“I don’t have plans and schemes
And I don’t have hopes and dreams
I don’t have anything
Since I don’t have you”
The Skyliners released those lyrics in “Since I Don’t Have You” in 1958.The skies had indeed brightened from the dark clouds of World War II and Camelot was on the horizon. It was a time of romance where it was perfectly normal for a guy to forego just about everything else in his life to pine over a lost love.
“You’re so fine, you’re so fine
You’re mine, you’re mine
I walk, and I talk, about you”
“You’re So Fine” from the Falcons came a year later and continued this theme of being “all-in” when it comes to romance. People would go on dates, to dances or dinner or movies. Do it often enough and you would be “going steady” and wearing his class ring.
And without question there was an element of possession, noted in the Jo Stafford classic “You belong to Me:”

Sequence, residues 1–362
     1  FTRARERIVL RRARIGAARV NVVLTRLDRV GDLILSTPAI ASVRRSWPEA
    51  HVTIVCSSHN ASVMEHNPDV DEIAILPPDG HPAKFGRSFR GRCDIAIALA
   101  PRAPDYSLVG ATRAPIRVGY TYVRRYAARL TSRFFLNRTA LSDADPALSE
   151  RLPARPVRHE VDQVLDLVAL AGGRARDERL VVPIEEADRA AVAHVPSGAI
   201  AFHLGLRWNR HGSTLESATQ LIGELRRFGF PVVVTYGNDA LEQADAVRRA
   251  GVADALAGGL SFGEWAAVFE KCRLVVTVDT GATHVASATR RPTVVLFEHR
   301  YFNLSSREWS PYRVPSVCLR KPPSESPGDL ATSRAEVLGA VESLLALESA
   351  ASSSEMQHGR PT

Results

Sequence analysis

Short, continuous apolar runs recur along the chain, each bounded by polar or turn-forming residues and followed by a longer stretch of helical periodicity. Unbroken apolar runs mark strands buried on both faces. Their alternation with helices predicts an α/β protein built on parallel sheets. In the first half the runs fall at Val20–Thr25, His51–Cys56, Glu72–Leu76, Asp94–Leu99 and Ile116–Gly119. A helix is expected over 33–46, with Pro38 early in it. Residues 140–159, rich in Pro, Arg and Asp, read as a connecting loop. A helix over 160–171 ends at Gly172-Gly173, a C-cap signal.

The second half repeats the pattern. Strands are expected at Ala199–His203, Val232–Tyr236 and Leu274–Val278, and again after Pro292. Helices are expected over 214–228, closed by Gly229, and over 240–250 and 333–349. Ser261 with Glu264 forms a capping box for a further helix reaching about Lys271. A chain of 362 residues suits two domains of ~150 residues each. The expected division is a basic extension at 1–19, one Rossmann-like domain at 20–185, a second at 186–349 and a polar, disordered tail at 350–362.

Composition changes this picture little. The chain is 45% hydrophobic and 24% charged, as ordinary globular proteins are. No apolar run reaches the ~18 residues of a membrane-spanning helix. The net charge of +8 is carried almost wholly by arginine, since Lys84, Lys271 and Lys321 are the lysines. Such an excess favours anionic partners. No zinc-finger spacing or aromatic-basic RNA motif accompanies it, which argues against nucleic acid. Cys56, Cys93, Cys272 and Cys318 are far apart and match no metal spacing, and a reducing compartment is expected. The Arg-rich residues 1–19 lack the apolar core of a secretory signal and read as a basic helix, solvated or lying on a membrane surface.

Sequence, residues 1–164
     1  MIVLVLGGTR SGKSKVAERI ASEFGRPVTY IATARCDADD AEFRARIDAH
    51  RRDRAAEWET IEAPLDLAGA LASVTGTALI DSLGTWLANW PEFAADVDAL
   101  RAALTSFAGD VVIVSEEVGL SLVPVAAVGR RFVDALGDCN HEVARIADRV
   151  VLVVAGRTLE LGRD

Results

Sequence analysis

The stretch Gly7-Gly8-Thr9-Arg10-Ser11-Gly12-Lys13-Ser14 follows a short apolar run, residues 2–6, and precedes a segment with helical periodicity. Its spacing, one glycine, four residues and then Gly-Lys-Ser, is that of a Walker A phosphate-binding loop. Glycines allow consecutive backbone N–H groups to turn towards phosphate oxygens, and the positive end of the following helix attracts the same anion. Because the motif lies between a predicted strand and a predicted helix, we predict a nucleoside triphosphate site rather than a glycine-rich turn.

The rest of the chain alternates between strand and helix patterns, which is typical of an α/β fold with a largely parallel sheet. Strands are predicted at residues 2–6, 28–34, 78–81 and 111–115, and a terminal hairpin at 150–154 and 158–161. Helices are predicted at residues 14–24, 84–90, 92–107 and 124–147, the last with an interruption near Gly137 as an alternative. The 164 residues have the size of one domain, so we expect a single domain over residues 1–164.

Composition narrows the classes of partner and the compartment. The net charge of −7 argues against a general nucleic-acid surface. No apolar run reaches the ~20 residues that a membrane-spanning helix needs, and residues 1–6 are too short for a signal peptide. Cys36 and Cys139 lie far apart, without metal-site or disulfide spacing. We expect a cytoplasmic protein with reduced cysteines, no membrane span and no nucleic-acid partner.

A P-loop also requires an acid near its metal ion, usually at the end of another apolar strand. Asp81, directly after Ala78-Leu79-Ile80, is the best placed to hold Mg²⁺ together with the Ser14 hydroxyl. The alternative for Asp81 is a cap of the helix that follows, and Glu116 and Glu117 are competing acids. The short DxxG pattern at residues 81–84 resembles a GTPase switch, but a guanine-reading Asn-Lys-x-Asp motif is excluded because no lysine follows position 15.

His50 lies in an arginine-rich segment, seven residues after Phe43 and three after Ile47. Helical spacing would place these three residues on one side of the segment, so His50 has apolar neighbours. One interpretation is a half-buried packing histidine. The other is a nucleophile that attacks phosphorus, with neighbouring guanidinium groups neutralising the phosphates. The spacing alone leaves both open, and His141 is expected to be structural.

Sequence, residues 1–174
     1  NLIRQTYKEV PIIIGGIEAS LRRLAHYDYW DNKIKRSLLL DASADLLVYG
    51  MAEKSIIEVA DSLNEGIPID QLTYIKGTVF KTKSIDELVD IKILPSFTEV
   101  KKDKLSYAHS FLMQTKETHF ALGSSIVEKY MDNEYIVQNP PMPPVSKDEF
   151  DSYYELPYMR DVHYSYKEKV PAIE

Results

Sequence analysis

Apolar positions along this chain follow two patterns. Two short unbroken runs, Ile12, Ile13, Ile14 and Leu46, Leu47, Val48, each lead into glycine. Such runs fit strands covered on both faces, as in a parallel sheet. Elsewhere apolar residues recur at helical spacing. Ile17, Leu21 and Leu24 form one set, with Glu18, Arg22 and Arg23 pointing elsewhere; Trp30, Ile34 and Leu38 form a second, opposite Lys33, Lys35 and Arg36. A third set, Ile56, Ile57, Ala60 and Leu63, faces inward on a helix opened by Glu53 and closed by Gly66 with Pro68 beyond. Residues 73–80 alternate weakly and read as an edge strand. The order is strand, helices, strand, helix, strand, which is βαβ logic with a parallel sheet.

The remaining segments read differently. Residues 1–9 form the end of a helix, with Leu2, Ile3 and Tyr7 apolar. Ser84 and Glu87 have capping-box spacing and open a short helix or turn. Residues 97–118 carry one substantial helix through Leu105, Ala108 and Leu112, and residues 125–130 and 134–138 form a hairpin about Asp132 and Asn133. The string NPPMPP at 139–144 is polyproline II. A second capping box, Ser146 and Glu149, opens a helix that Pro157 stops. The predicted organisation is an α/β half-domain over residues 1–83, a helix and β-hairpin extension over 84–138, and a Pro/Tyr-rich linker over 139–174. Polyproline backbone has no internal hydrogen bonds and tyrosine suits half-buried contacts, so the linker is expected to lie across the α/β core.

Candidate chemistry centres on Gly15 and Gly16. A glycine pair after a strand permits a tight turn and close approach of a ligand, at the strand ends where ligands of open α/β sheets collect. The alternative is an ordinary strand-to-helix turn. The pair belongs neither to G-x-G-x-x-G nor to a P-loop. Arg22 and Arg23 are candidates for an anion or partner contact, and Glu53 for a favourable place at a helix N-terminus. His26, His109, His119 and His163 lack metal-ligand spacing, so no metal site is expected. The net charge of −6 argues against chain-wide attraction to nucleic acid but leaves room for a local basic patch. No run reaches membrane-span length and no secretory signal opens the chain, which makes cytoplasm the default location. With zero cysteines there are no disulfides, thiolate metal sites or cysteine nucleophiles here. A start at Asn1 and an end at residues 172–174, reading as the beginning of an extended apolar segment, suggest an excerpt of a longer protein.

“See the pyramids along the Nile
Watch the sun rise on a tropic isle
But just remember, darling, all the while
You belong to me”
I haven’t talked to them about this directly but I’ve a pretty good idea what my teenage daughters would think about the concept of “belonging” to a guy.
Lovers and dreamers who walk and talk constantly about someone, who feel that they don’t have anything without someone might have been called romantic in the 50’s.
Today they’d be called creepy.
My girls and their peers rarely date one-on-one, preferring the less-awkward comfort of a larger group. Many of their conversations are by text, short and in code.
Don’t get me wrong. As a Dad I prefer my kids safe rather than sorry. I would hope they would stay away from people who think they own them regardless of where they are on the planet.
But there’s a cost that comes from that jaded cynicism, that loss of innocence that was attached to those romantic pop songs of fifty years ago.
Today it’s more likely the girls will meet someone at a place like EHarmony, the Brave New World’s answer to yesterday’s dance floor.